Band (Eeyouch) c. Napash

<p>The Criminal and Penal Division of the Court of Qu&amp;#233;bec released a decision on September 29, 2014 in <em><a href="" title="Band (Eeyouch) c. Napash">Band (Eeyouch) c. Napash</a></em> (in English), declaring that the <em>Canadian Charter of Rights and Freedoms</em> (the "<em>Charter</em>") applies to bylaws enacted by the Cree Nation of Chisasibi ("Chisasibi"), characterizing an Aboriginal right claimed by the Chisasibi as "the right to govern and regulate the possession and consumption of alcohol on its land", and reserving for all parties the right to submit any relevant evidence aimed at established or denying the existence of that Aboriginal right.</p>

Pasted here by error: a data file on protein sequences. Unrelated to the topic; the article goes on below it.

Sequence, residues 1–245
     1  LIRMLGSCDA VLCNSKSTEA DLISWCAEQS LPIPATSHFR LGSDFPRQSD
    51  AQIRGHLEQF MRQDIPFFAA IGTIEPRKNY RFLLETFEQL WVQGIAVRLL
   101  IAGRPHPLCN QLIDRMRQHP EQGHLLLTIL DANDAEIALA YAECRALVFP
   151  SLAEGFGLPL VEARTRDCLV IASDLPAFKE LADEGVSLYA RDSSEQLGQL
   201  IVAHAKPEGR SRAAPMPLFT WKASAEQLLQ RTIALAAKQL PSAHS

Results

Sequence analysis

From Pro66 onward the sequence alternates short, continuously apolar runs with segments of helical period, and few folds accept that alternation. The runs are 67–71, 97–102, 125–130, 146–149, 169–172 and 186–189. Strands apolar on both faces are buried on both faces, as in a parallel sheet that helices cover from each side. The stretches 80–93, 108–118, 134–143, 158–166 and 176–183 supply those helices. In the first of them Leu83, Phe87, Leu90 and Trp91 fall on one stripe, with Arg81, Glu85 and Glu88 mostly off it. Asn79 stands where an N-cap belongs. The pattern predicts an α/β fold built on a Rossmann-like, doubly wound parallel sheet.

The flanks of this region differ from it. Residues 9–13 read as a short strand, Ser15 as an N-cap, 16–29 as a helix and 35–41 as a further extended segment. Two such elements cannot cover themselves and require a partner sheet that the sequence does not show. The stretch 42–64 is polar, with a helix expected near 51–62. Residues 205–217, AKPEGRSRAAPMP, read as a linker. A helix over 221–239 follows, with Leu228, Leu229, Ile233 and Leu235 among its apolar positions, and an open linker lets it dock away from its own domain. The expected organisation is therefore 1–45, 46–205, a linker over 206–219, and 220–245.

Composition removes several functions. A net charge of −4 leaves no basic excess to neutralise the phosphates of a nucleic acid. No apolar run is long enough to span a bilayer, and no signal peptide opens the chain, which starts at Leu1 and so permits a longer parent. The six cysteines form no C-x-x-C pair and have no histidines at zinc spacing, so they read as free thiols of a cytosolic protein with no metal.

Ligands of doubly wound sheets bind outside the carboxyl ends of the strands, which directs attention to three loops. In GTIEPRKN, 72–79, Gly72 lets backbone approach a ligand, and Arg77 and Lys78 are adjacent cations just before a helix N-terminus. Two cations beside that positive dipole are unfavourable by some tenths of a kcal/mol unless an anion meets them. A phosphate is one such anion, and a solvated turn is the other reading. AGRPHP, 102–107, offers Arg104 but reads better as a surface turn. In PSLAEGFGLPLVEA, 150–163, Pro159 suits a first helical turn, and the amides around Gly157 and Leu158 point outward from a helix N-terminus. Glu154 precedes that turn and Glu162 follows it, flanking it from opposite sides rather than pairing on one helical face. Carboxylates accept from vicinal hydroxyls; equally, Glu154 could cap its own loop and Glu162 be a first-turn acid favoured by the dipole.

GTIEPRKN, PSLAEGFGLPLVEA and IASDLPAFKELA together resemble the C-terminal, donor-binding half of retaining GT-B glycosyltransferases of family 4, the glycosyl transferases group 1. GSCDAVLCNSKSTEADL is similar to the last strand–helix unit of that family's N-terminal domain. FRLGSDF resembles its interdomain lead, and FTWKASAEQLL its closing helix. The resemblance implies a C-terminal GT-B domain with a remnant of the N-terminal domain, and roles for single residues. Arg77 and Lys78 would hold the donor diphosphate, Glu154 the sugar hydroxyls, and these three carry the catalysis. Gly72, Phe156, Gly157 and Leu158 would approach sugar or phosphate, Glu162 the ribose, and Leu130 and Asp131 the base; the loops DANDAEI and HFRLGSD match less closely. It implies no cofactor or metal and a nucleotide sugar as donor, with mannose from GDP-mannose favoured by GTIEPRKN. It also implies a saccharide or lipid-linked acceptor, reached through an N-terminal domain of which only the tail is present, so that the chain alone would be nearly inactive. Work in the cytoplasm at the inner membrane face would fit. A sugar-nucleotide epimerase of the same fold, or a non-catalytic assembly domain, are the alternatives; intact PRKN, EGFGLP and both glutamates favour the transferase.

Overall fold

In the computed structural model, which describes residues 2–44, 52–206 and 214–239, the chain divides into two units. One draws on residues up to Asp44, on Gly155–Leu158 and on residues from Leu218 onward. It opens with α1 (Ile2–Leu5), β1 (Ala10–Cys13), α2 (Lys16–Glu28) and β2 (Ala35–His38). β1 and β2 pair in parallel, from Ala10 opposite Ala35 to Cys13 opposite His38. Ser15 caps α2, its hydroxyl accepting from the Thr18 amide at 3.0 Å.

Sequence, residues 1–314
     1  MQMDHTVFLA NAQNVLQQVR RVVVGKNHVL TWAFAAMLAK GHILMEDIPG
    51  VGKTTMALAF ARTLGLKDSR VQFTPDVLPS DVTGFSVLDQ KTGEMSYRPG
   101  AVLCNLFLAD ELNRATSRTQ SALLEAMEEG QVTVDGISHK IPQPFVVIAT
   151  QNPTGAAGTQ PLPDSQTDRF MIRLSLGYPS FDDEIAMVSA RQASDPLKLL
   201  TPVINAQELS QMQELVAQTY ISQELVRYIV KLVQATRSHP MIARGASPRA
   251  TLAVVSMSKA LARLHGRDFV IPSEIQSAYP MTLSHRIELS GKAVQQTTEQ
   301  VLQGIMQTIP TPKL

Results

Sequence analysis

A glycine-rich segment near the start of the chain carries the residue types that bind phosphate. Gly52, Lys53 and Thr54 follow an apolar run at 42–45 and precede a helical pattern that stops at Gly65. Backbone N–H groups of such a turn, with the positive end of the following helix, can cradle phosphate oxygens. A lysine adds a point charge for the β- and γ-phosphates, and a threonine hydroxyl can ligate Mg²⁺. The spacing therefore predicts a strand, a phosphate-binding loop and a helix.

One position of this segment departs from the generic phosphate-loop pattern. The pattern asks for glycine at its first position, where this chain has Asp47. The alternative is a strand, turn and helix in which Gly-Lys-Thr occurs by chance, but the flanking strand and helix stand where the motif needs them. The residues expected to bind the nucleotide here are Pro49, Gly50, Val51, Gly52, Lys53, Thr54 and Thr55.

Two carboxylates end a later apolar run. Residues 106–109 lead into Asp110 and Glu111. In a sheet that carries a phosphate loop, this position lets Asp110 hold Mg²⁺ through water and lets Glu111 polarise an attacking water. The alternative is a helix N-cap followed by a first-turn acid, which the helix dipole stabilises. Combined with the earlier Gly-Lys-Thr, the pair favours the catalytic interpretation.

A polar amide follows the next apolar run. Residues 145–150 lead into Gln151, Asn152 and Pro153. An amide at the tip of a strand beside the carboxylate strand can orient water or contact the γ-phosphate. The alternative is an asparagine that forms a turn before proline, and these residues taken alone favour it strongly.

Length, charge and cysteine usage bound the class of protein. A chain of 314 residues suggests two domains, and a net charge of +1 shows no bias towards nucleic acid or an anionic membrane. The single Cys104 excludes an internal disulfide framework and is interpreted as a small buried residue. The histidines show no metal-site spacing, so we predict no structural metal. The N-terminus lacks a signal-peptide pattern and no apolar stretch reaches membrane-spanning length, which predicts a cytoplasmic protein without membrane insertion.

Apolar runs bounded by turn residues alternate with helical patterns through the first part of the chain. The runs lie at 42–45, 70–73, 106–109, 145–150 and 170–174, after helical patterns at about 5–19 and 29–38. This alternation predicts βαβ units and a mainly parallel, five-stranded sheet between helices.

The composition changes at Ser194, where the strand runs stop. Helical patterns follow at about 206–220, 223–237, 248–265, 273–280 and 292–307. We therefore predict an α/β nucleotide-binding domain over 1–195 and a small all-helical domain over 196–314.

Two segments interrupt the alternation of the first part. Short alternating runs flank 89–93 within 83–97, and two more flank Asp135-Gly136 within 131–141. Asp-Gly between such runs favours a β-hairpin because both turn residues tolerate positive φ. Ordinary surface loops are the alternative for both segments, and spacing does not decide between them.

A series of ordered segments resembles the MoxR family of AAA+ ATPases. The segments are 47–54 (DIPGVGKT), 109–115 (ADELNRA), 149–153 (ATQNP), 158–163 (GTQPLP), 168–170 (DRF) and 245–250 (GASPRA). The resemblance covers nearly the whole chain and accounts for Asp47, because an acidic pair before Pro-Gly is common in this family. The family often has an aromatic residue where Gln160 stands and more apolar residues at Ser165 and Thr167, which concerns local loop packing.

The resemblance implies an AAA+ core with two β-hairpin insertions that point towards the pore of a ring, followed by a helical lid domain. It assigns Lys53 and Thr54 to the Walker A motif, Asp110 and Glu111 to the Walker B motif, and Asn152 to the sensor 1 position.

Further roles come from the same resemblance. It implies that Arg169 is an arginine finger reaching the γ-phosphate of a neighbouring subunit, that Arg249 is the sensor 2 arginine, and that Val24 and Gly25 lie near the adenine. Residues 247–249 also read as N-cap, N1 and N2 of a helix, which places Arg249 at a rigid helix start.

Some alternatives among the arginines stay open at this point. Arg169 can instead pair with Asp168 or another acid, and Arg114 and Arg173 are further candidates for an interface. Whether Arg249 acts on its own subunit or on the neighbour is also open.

This case stems from the prosecution of three individuals by the Chisasibi for bylaw offences relating to the consumption, possession and control of alcohol on Chisasibi lands. The three individuals facing charges under the bylaw in question petitioned the Court for a declaration that certain provisions of the bylaw are unconstitutional and inoperative by operation of the Charter, and this decision is limited to determining whether the Charter is applicable to the bylaw. The Court found that the Charter did indeed apply to the Chisasibi bylaw challenged by the petitioners, and went on to consider whether s. 25 of the Charter would protect the bylaw from being held unconstitutional or inoperative. The Court held that in order to do so it needed to characterize the Aboriginal right that the Chisasibi are relying on in order to protect their bylaw from Charter rights, thereby arriving at a narrowly prescribed "right to govern and regulate the possession and consumption of alcohol on its land". The Court refrained from determining whether there is a conflict between an Aboriginal right of this character and Charter rights until further evidence could be adduced as to whether the Aboriginal right in question exists.